If funds are needed for personal consumption, the CRA has a longstanding policy of not challenging the reasonableness of remuneration where the recipient is active in the business and is a direct or indirect shareholder. This criterion of reasonableness is relevant when considering if the remuneration is deductible to the paying corporation.
It’s generally more advantageous to distribute corporate profits as a salary or bonus to an active owner-manager based on current provincial corporate and personal tax rates. However, this may not be applicable for all provinces, and certain provinces levy additional payroll taxes, such as Ontario’s employer health tax, which may impact an analysis of the optimal compensation strategy.
In almost all provinces there is an overall “tax cost” to distributing business profits in the form of a dividend, meaning the total corporate and personal tax paid on fully distributed business earnings exceeds the amount of personal tax that would be paid in that province if the individual earned the same amount of income directly. However, business owners may still wish to earn money through a corporation and defer the tax if future cash needs can be satisfied by salaries or bonuses from future profits.
Earnings subject to a large deferral of tax can remain reinvested in the business or corporate environment for many years, sometimes indefinitely. However, this strategy has to be used carefully, because accumulating excessive business earnings could impact the corporation’s ability to claim the small business deduction on its active business income in the future. See the previous discussion on passive investment income changes. It could also affect a shareholder’s ability to claim the lifetime capital gains exemption (see comments on QSBC shares below).
Shareholder loans made to the corporation can be repaid tax free and represent an important component of remuneration planning. Advance tax planning may permit the creation of tax-free shareholder loans.
Complex tax rules associated with otherwise tax-free intercorporate dividends could result in the dividends being recharacterized as capital gains. However, advance tax planning may be available to mitigate this issue, and it also may be possible to benefit from corporate distributions taxed at reduced tax rates associated with capital gains.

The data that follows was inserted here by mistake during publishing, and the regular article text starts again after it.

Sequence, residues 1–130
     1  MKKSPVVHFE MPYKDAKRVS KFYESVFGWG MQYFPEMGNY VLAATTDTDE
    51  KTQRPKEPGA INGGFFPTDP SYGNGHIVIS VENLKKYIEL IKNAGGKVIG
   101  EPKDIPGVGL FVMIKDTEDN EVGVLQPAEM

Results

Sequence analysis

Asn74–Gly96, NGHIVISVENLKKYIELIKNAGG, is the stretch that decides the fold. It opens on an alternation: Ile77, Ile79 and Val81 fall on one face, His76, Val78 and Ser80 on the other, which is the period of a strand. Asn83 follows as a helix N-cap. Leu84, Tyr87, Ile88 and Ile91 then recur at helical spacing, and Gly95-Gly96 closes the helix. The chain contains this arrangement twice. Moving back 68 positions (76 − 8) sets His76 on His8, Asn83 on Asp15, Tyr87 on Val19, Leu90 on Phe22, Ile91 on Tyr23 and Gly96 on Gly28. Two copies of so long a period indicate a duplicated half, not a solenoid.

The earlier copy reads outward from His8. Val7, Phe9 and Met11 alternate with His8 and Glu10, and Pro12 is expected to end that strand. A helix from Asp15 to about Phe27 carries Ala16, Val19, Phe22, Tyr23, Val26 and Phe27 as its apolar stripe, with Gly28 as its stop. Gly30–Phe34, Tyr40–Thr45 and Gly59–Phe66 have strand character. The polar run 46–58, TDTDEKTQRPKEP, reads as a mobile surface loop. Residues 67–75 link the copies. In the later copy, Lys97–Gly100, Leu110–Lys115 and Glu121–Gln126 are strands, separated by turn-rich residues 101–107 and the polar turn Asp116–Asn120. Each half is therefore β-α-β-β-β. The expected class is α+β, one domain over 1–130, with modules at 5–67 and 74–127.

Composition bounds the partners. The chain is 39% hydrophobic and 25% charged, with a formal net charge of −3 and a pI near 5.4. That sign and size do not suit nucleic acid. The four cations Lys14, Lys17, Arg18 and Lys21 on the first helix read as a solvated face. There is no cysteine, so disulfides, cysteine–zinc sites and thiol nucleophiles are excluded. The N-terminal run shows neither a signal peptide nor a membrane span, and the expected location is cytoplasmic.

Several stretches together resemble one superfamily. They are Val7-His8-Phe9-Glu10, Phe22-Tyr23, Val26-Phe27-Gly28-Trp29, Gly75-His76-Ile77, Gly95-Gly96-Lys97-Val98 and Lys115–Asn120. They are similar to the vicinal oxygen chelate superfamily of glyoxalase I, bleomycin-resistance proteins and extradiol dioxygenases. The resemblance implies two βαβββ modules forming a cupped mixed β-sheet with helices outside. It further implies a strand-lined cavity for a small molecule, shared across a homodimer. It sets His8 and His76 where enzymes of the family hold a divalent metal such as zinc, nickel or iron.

A business owner who holds personal investments such as marketable securities can sell them to a private corporation in exchange for a tax-paid note or shareholder loan. While capital gains may arise on the transfer, the personal tax rate on capital gains is generally lower than the personal tax rate on eligible or non-eligible dividends. Advance tax planning may also allow recognition of the capital gain to be deferred, but tax losses may not be realized on a transfer to an affiliated corporation.
Corporate-level merger and acquisition transactions, such as the divestiture of a business or real estate, may also generate favourable tax attributes such as tax-free capital dividend account (CDA) balances or refundable taxes. These attributes form an important component of remuneration planning.
A business can claim a capital cost allowance (CCA) deduction for the purchase of depreciable assets that are available for business use on or before the business’s fiscal year end. A business that is contemplating a future asset purchase and has discretion in the timing of acquisition may choose to make the purchase sooner rather than later and then bring the asset into use to allow a CCA to be claimed. This strategy should be carefully considered in light of the opportunities for an enhanced CCA deduction currently available. Refer to EY Tax Alerts 2019 Issue No. 15 and 2018 Issue No. 40.
The 2021 federal budget proposed to enhance the CCA deduction for certain assets acquired by a CCPC after April 18, 2021. This proposal will allow a CCPC to deduct the full cost of certain assets purchased up to a maximum of $1.5 million per year (to be shared with other members of an associated group of CCPCs) provided the asset is available for use prior to January 1, 2024. Refer to EY Tax Alert 2021 Issue No. 19.3
Retaining earnings in a corporation may affect a CCPC’s entitlement to refundable scientific research and experimental development (SR&ED) investment tax credits. A business should compare the investment return from deferring tax on corporate earnings against the forgone benefit of high-rate refundable SR&ED investment tax credits.
Leaving earnings in the corporation may also impact the status of the corporation’s shares as qualified small business corporation (QSBC) shares for the purpose of the shareholder’s lifetime capital gains exemption (currently $892,218). Advance tax planning may be available to mitigate this issue and permit continued accumulation of corporate profits at low rates without impacting the QSBC status of the shares.
A private member’s bill received Royal Assent on June 29, 2021 (Bill C-208). This new legislation was introduced to facilitate intergenerational transfers of family businesses. The Department of Finance has indicated that amendments to this legislation will be introduced in the future to address unintended tax avoidance loopholes. Refer to EY Tax Alert 2021 Issue No. 25.4